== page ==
• One Health
  • Pain Management
  • Oncology
  • Anesthesia
  • Geriatric & Palliative Medicine
  • Ophthalmology
  • Anatomic Pathology
  • Poultry Medicine
  • Infectious Diseases
  • Dermatology
  • Theriogenology
  • Nutrition
  • Animal Welfare
  • Radiology
  • Internal Medicine
  • Small Ruminant
  • Cardiology
  • Dentistry
  • Feline Medicine
  • Soft Tissue Surgery
  • Urology/Nephrology
  • Avian & Exotic
  • Preventive Medicine
  • Anesthesiology & Pain Management
  • Integrative & Holistic Medicine
  • Food Animals
  • Behavior
  • Zoo Medicine
  • Toxicology
  • Orthopedics
  • Emergency & Critical Care
  • Equine Medicine
  • Pharmacology
  • Pediatrics
  • Respiratory Medicine
  • Shelter Medicine
  • Parasitology
  • Clinical Pathology
  • Virtual Care
  • Rehabilitation
  • Epidemiology
  • Fish Medicine
  • Diabetes
  • Livestock
  • Endocrinology

Helping clients better understand their pets


When humans understand what animals are trying to tell them, it can lead to improved outcomes with behavioral issues



Pet owners with animals that exhibit behavior issues want to know why it is happening, who to blame, and what to blame. Behavioral issues can stem from multiple sources that could also be combined, like nature and nurture. These issues can sometimes be as simple as the pet having a bad day or not being in the mood for a walk.

But how do we tell the bad days from the days when something is behaviorally wrong with the patient? Clinical behaviorist Terry Curtis, DVM, MS, DACVB, explained how clients can pick up cues from pets to try and get a little better understanding of what is happening with their pet below the surface, during her lecture at the North American Veterinary Community’s 2023 Veterinary Meeting & Expo in Orlando, Florida.1

Setting clients up for success

Clients who have dogs and those who have cats have different concepts of how pets should act at home and with their owners. Curtis disclosed to attendees that although the 2 animals learn the same way, the expectations are what separates the animals in a behavioral sense.

"In general, dogs have to behave more than cats do all of these commands that they have to learn and follow with cat's expectations are whatever, you know, you come if you want to, I don't expect you to sit or fetch. So, it's not that they can't learn. It's just that our expectations of them are totally different," explained Curtis.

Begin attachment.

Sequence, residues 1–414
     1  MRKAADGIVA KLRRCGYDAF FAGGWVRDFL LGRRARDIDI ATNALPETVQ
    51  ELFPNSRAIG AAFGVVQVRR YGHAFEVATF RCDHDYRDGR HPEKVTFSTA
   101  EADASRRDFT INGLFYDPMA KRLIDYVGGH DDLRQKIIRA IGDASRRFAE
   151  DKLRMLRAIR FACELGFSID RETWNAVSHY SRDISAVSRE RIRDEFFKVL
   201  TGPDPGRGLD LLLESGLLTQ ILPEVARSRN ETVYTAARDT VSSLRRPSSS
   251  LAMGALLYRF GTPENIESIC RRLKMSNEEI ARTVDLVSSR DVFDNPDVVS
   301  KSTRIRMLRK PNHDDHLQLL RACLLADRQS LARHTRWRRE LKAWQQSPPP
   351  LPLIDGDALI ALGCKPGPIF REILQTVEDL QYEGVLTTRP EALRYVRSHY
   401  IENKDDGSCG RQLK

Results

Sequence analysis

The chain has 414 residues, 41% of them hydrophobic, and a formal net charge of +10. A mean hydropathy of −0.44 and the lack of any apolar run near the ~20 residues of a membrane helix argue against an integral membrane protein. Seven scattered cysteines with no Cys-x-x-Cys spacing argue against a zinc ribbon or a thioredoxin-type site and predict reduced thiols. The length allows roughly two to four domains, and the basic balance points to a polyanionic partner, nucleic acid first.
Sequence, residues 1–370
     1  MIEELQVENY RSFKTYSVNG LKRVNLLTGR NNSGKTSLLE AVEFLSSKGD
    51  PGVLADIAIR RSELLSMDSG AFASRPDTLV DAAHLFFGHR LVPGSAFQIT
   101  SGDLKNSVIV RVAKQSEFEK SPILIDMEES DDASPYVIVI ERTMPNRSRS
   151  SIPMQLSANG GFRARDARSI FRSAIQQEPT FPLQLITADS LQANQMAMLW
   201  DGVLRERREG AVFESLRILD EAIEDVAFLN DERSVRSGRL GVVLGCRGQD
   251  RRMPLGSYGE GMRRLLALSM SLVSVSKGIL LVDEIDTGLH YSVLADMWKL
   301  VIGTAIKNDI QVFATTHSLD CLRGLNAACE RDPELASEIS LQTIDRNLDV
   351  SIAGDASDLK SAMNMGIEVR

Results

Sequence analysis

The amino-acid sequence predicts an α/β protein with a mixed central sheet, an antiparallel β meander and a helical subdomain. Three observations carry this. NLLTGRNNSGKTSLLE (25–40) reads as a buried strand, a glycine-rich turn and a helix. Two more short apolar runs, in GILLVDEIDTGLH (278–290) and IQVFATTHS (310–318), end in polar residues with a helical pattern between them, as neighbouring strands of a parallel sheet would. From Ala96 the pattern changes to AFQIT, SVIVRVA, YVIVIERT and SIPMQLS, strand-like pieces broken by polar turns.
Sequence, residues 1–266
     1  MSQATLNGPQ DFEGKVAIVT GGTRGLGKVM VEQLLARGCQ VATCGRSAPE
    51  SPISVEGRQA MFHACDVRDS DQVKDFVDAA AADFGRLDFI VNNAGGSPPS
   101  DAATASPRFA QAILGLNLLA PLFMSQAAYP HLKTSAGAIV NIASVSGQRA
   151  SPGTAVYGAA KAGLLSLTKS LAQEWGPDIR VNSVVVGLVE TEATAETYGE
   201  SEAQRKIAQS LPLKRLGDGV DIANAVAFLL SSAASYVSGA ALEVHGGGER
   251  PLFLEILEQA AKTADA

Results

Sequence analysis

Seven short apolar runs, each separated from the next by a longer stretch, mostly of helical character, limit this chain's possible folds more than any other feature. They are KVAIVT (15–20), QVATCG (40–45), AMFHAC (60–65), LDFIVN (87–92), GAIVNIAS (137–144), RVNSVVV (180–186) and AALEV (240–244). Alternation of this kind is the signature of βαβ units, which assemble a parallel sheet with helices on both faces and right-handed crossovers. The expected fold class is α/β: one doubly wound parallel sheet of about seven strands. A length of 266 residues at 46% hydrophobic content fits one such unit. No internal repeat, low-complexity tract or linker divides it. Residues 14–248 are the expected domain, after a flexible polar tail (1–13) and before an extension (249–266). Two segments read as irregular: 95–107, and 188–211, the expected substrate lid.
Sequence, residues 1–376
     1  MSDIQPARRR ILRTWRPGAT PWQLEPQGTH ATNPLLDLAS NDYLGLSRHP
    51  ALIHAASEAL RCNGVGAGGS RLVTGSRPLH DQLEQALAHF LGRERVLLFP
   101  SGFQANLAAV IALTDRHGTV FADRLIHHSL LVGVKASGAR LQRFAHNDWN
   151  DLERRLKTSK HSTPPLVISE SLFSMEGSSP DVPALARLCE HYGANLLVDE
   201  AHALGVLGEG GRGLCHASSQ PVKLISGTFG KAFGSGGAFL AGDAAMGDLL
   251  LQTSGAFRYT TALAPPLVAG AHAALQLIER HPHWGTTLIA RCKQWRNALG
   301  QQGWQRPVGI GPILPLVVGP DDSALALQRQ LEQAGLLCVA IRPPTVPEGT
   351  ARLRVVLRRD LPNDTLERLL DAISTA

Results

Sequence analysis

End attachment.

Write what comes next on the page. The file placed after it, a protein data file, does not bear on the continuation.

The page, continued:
Curtis shared the expectation differences between cats and dogs because, with her patients, clients will sometimes want to correct natural behavior. She gave an example of a dog who has no issues while at home, but once the owner takes that dog somewhere where it can be exposed to cats or other dogs it can begin to show unacceptable behavior to the parent.

How do you help clients, and pets, succeed? According to Curtis, talking and communicating with pets is just like speaking to someone who does not speak the same language as you.

Curtis said, "You can be the smartest person that there is, but [if] you're in a situation where you can't communicate even your most basic needs without Google Translate or some other book that can help you, you really would be at a disadvantage. Trying to communicate something to someone who doesn't speak your language. How easy is that or how difficult it really is?’

Putting this point into perspective, she noted the scenario of a dog barking, and the pet owner just saying, ‘shh’. However, she said, the dog is barking for a reason and may be trying to get the owner’s attention. The dog may bark to express an emotion such as fear or anxiety. “Telling it to ‘shut up’ isn't validating what the dog is trying to express,” said Curtis.

Humans vs pets

Considering the language barrier, clients need to watch the mannerisms and body language of their pets to ascertain what these animals want or what is making them uncomfortable. Curtis showed attendees a photo of a dog with his ears back and his stance low to the ground. She said that, with this body language, the dog is communicating with the humans around her the best way she can.

Curtis explained that for the client to understand their pet's behavior, they need to understand that they do not show love the same way that humans do. Although some pet owners see hugging and petting their dog's head as signs of love, it can be interpreted as a very threatening move for some dogs. As time goes on, pets can learn that petting, hugging, and even kissing are good things, but that does not mean every dog and cat will feel that way.

"Many dogs do not want to be petted on their head. It can be a very threatening signal and can be uncomfortable for a lot of dogs. In general, when you're looking at what a dog is saying to give an idea of how they feel and what their emotional state is, at the moment, looking at the ears really is the place to start. Ears up and forward, face and body lose, really tells you that the dog is comfortable, is relaxed, is ready to engage," explained Curtis.

"Same thing with cats, you can kind of tell a cat is loosey-goosey and ready to interact. Anxious dogs have ears back, face and body tense. Now, a dog with their ears back can be excited. Anxiety…comes from uncertainty and fear. But it does also come from excitement. You have to take a look at the context," she concluded.


T Curtis. Learning and communication-the keys to everything when it comes to behavior. Presented at: Veterinary Meeting & Expo; Orlando, Florida. January 14-18, 2023.

Related Videos
NAVC Gives
Renee Schmid, DVM
NAVC CEO Gene O'Neill
© 2024 MJH Life Sciences

All rights reserved.